In the 1970's, the US Navy operated a number of Data Processing Service Centers (DPSC) throughout the world. Each center provided computing expertise to the naval commands located in its immediate geographic area. Each center operated autonomously. As a result, each DPSC operated various hardware (IBM, Burroughs, Univac, National Cash Register Company (NCR), Control Data Corporation (CDC), and Honeywell, collectively named "IBM and the BUNCH"). Almost all of the programs, written for client commands, were written in COBOL.

In 1975, the Navy decided to standardize the hardware and software across all of the DPSCs. To that end, the Navy issued a Request For Proposal (RFP) to find a contractor to whom to award the work. The RFP was unusual in that it was issued as a preliminary RFP, soliciting contractor comments regarding the RFP's contents. Vendor comments would be evaluated and possibly included in a final RFP that would be used to make the award.

As with most, the company for whom I worked operated as a hierarchy, headed by the CEO with subordinate Group Presidents with, in turn, subordinate Division Presidents with, in turn, subordinate Center Directors. I was approached by the center director for the Washington DC Navy Operations Center (NOC) to assist in providing a response to the preliminary RFP. There were a couple of problems. First, the group president and the division president were one and the same person. He had a simple rule regarding a bid/no decision: three attempts to win a bid decision were all that were allowed. Unfortunately, the NOC had already used two attempts. The second problem was that the RFP stated that the decision regarding the target hardware had not yet been made. That, in itself, was problematic to both the the group/division president (hereafter "president") as well as to me.

I was asked to first get a bid decision.

I had been writing text parsers and was able to convince myself that if all COBOL programs were rewritten to target the Univac dialect of COBOL, then a parser could be written to convert the code to the Navy's final machine choice. The choice of Univac was deliberate. My employer had a long and successful history of teaming with Univac (starting in the early 1960's when the company's Vice President wrote a Univac operating system and the first successful Univac FORTRAN compiler). So I knew that the president would be intimately familiar with the Univac machine.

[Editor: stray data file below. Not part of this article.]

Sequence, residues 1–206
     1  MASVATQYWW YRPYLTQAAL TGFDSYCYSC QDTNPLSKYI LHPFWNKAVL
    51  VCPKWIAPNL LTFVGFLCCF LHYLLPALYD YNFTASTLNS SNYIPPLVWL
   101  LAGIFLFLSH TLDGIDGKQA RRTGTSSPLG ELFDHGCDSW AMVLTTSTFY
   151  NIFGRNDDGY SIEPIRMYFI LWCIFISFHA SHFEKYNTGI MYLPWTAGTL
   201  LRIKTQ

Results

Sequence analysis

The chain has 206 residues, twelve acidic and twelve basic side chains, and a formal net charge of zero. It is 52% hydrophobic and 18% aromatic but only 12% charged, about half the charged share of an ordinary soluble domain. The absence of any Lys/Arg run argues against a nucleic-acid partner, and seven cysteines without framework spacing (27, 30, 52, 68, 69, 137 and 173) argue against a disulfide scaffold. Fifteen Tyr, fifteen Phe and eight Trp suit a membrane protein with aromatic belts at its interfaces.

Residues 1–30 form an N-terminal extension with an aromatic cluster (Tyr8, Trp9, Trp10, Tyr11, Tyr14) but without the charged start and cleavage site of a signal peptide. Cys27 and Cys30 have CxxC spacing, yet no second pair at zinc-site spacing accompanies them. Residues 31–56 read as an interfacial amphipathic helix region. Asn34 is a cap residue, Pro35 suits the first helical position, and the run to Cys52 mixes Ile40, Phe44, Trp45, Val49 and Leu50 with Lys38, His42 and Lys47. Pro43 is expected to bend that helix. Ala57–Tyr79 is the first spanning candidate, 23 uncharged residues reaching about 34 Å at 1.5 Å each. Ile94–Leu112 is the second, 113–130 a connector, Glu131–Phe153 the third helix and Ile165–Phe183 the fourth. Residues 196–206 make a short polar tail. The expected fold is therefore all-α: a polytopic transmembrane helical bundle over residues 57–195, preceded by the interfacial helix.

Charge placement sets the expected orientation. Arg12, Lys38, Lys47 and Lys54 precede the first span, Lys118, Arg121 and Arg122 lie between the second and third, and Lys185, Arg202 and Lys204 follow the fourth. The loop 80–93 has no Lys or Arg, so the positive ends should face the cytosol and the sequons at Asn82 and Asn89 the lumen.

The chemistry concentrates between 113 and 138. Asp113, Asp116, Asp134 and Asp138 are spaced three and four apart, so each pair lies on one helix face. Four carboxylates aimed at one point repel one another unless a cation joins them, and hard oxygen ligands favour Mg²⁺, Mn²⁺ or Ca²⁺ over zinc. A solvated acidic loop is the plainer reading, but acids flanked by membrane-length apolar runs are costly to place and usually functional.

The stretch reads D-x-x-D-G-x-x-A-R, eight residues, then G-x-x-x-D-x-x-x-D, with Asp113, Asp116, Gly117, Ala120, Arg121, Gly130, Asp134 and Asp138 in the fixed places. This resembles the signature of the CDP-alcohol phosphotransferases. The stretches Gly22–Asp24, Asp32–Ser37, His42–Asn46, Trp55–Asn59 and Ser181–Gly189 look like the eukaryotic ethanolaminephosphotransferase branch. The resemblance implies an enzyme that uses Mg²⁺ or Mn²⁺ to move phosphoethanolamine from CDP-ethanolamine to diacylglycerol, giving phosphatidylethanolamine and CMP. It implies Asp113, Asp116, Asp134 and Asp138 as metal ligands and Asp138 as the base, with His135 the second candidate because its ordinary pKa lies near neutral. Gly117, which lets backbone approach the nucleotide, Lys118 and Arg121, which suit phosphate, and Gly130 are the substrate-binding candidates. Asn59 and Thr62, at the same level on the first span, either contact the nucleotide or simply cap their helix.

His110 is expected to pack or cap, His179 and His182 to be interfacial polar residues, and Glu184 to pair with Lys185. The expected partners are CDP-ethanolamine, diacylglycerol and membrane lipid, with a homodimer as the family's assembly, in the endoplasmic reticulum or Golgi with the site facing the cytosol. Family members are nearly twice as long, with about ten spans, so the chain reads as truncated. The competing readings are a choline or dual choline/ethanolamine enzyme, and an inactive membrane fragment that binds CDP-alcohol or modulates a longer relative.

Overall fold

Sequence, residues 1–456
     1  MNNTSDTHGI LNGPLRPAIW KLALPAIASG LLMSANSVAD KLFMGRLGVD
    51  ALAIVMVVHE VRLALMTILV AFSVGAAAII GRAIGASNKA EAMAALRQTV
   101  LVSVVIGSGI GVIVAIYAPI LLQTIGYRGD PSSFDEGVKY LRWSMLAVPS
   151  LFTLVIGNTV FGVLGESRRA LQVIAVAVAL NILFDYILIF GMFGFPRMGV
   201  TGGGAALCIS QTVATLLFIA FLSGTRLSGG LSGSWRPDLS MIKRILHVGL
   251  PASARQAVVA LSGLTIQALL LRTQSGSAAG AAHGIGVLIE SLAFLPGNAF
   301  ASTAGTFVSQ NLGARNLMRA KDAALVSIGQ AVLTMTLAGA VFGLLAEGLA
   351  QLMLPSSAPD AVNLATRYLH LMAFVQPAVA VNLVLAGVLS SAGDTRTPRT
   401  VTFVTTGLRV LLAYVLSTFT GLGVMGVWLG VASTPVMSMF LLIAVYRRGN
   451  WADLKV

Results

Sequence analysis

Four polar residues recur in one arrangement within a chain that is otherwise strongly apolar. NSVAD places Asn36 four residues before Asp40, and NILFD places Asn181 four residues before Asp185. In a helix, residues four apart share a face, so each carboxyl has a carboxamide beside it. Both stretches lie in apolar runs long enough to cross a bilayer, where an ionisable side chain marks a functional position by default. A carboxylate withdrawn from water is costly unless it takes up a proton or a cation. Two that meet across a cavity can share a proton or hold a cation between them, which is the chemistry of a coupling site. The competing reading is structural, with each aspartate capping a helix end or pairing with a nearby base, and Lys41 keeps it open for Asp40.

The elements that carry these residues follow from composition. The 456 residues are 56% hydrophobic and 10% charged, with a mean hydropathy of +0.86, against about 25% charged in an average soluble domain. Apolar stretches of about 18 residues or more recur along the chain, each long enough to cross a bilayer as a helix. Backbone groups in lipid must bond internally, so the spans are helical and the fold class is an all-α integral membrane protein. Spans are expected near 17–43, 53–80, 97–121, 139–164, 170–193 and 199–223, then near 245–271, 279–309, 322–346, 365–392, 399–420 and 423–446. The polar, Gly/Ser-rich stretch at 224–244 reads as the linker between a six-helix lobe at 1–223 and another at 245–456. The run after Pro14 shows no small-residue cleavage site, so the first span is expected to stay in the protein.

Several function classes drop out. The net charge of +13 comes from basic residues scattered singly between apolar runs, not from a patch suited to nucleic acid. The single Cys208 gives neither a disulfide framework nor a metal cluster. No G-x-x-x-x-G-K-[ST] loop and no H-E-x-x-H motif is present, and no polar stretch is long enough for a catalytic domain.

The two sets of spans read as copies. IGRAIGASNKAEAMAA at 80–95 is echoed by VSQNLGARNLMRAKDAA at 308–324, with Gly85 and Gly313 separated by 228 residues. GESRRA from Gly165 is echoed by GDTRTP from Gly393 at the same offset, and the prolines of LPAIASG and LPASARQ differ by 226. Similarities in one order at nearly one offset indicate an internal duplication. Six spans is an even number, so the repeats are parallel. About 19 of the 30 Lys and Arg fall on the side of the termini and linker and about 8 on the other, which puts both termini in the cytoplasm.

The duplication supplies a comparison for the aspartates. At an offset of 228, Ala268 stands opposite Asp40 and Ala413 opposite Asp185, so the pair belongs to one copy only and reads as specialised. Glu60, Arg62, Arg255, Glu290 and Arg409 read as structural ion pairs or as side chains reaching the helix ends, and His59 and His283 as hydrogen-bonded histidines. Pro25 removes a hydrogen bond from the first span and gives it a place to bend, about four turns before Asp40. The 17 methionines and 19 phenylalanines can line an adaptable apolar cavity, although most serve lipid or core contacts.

In the preliminary RFP, the Navy had proposed using a firm fixed price (FFP) scheme, lumping all of the COBOL programs together. Being an expert COBOL programmer, I knew that we could significantly reduce the number of lines of code that would fall under a FFP and increase the number of lines of code that would fall under a time and material (T&M) price scheme. The trick was to specify that programs that contained certain statements (COMPUTE, ENTER, etc.) would move from FFP to T&M. I prepared a candidate list, adding certain statements (like GOTO) that I knew the president would remove. I believed that by participating by removing such statements, he would be more amenable to making a bid decision.

I prepared a number of slides. The bid/no bid decision meeting came to order with the president presiding. After some preliminary discussions, the NOC Director introduced me. I explained the rationale for coding to the Univac machine and then converting to the Navy's machine choice. I also described the concept of proposing to the Navy that certain statements would move a program from FFP to T&M and estimated that about 75% of the programs would so move. When I presented my list, the president objected to including the GOTO in the list. Most of the others he accepted.

We were three quarters of the way through my presentation when I realized that the president was nodding. I rapidly concluded and sat down. The NOC Director asked the president his decision. Snapping out of his lethargy, he replied "bid."

I was then tasked to respond to the Navy's request to provide input to the RFP.

I drafted a letter for the president to sign that presented the list of COBOL statements that would cause a program to move from FFP to T&M. The Navy accepted the list and modified the final RFP to reflect the list.

My company won the work. Better yet, the Navy decided on Univac equipment.

What the Navy had estimated to be a $6 million award turned out to be a $19 million project. I think that the reason was the number of programs that moved from FFP to T&M pricing.